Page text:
Change search
CiteExportLink to record
Permanent link

Direct link
Cite
Citation style
  • apa
  • harvard1
  • ieee
  • modern-language-association-8th-edition
  • vancouver
  • Other style
More styles
Language
  • de-DE
  • en-GB
  • en-US
  • fi-FI
  • nn-NO
  • nn-NB
  • sv-SE
  • Other locale
More languages
Output format
  • html
  • text
  • asciidoc
  • rtf
Notification card to alert for methicillin-resistant Staphylococcus Aureus is stigmatizing from patients' point of view
University of Borås, School of Health Science.
Show others and affiliations
2014 (English)In: Scandinavian Journal of Infectious Diseases, ISSN 0036-5548, E-ISSN 1651-1980, ISSN 0036-5548, Vol. 46, no 6, p. 440-446Article in journal (Refereed) Published
Sustainable development
The content falls within the scope of Sustainable Development
Abstract [en]

BACKGROUND: The importance of alerting health care systems of patients carrying multidrug-resistant bacteria (MRB) is highlighted in numerous guidelines. In the absence of electronic alert systems, notification cards are often recommended, but have rarely been evaluated. We evaluated patient experiences of receiving and using a methicillin-resistant Staphylococcus aureus (MRSA) notification card. METHODS: Two cohorts of patients given a card when identified for the first time as a carrier in 1999-2003 and 2008-2010, responded to questionnaires distributed in 2004 and 2011, respectively. The response rate in 2004 was 92 (38 females)/129 and in 2011 was 110 (55 females)/209. In addition, 63% and 49%, respectively, followed the encouragement to provide written comments to the questions. These were analysed using a qualitative method. RESULTS: The patients took responsibility not to infect others, reported high usage, and acknowledged the importance of the card to inform health care institutions about their carrier status, despite experiencing fear, disrespect, lack of knowledge, and unprofessional behaviour when presenting it to personnel. Alarmingly these stigmatizing experiences were more frequent in 2011. Professional behaviour was reported from the infectious disease clinic. A majority of the patients were unaware of how they had acquired MRSA. CONCLUSIONS: The MRSA notification card was felt to stigmatize the patient, which makes its use questionable. Other alert methods need to be developed. Most importantly, the study demonstrates the importance for these patients to meet staff educated about MRB. Thus, there is an urgent need to educate health care professionals at all levels.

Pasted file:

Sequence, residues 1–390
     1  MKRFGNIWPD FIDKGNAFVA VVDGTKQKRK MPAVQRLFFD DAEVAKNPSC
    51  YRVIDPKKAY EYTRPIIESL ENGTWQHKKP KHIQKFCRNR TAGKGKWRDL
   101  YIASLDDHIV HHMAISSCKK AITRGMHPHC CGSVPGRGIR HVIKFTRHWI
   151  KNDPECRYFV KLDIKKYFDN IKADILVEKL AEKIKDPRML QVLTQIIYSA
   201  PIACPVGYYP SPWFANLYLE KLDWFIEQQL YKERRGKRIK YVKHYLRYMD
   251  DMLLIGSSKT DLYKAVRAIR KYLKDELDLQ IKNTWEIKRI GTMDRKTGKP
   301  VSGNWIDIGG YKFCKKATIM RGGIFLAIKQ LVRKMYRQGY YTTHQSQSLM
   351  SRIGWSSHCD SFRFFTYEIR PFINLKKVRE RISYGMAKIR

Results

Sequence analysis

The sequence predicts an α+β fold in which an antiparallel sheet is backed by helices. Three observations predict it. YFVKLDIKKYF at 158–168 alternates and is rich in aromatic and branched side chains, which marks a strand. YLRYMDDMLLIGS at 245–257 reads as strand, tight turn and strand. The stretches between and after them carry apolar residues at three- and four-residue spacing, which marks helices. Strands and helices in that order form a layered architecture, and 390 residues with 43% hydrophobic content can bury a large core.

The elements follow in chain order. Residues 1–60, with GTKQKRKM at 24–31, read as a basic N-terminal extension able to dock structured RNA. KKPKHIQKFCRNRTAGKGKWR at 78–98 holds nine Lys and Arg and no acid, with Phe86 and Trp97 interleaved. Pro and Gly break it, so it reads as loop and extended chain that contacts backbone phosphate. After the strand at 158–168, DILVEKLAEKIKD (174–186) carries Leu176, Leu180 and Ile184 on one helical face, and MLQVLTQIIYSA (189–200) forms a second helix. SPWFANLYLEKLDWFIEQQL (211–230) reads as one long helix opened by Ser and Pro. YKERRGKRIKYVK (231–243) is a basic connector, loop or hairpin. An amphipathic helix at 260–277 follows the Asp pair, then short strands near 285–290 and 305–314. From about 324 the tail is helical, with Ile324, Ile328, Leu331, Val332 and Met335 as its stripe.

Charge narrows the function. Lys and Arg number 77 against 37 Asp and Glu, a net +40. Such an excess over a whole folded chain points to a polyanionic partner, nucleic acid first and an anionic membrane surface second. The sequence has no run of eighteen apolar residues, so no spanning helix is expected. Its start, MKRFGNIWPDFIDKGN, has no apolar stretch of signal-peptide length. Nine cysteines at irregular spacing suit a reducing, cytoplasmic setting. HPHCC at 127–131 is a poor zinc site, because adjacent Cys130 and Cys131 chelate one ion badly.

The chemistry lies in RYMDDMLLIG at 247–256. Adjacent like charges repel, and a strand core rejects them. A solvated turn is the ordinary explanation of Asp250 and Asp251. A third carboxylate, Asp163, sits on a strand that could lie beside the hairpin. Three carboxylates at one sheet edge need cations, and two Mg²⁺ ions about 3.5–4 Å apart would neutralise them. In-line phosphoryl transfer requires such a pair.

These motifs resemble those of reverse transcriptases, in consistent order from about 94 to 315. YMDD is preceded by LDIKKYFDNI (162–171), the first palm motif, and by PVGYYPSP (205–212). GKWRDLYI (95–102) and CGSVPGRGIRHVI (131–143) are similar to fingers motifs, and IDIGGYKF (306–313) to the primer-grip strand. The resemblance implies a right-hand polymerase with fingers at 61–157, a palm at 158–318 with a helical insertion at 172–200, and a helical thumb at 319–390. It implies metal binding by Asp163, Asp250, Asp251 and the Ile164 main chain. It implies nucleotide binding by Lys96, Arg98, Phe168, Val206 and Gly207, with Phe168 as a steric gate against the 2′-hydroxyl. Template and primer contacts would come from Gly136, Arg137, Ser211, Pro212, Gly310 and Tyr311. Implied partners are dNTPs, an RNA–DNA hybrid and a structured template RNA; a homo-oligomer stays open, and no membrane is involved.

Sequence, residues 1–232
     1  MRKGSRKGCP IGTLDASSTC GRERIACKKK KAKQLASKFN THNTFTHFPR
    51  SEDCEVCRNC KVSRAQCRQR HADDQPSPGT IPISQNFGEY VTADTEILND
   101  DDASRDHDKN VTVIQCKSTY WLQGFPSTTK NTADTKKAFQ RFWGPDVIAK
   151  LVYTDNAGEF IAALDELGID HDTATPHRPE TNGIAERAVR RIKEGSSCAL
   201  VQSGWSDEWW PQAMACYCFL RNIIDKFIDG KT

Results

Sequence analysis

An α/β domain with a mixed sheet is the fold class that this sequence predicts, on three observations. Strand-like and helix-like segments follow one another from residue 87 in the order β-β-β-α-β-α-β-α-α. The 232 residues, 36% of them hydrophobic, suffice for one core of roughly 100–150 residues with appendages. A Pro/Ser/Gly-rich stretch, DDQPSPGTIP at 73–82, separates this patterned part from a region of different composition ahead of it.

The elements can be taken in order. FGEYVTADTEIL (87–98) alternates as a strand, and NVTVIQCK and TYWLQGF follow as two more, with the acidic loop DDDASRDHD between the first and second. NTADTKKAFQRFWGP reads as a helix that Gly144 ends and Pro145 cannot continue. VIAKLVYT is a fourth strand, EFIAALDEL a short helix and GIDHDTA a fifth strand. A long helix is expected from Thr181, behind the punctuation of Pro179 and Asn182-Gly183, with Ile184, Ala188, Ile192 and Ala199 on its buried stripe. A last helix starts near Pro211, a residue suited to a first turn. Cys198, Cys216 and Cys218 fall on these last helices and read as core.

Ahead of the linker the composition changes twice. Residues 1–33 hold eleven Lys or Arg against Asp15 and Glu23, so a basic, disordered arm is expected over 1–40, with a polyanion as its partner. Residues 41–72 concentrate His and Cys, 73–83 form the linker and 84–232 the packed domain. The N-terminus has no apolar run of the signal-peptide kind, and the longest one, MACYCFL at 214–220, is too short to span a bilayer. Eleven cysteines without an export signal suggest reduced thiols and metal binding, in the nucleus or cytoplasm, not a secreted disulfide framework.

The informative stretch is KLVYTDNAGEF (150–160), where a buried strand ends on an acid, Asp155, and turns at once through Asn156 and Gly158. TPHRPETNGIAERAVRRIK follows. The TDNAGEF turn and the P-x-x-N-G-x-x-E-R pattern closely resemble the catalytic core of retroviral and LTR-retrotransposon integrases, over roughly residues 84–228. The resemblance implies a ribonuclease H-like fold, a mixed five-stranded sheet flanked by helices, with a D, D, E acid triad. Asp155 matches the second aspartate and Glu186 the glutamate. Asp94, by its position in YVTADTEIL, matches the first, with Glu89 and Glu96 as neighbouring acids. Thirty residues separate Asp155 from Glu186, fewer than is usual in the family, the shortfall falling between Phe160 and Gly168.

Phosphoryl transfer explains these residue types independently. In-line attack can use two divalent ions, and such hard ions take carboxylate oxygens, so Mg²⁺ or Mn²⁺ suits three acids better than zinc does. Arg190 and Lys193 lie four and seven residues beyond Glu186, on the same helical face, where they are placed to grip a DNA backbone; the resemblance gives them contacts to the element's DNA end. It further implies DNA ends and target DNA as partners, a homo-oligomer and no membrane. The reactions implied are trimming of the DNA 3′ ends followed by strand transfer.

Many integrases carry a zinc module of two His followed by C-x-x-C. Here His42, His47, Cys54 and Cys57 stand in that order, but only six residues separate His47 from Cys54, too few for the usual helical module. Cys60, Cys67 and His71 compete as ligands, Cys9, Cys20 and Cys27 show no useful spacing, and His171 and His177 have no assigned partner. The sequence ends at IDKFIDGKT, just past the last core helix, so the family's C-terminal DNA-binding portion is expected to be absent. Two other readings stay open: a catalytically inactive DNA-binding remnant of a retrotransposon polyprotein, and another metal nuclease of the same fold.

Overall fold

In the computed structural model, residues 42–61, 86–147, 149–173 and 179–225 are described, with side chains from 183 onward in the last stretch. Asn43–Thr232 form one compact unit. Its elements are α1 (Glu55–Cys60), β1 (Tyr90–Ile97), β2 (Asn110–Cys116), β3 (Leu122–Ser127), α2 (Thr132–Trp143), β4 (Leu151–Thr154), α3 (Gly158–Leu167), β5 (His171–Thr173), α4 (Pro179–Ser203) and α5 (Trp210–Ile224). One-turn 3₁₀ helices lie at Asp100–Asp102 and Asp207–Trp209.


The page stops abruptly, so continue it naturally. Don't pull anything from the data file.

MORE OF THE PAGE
Place, publisher, year, edition, pages
2014. Vol. 46, no 6, p. 440-446
National Category
Nursing
Research subject
Integrated Caring Science
Identifiers
URN: urn:nbn:se:hb:diva-1917DOI: 10.3109/00365548.2014.896029PubMedID: 24669980Local ID: 2320/14272OAI: oai:DiVA.org:hb-1917DiVA, id: diva2:869995
Available from: 2015-11-13 Created: 2015-11-13 Last updated: 2017-12-01Bibliographically approved

Open Access in DiVA

No full text in DiVA

Other links

Publisher's full textPubMed

Authority records BETA

Lindahl, Berit

Search in DiVA

By author/editor
Lindahl, Berit
By organisation
School of Health Science
In the same journal
Scandinavian Journal of Infectious Diseases
Nursing

Search outside of DiVA

GoogleGoogle Scholar

doi
pubmed
urn-nbn

Altmetric score

doi
pubmed
urn-nbn
Total: 86 hits
CiteExportLink to record
Permanent link

Direct link
Cite
Citation style
  • apa
  • harvard1
  • ieee
  • modern-language-association-8th-edition
  • vancouver
  • Other style
More styles
Language
  • de-DE
  • en-GB
  • en-US
  • fi-FI
  • nn-NO
  • nn-NB
  • sv-SE
  • Other locale
More languages
Output format
  • html
  • text
  • asciidoc
  • rtf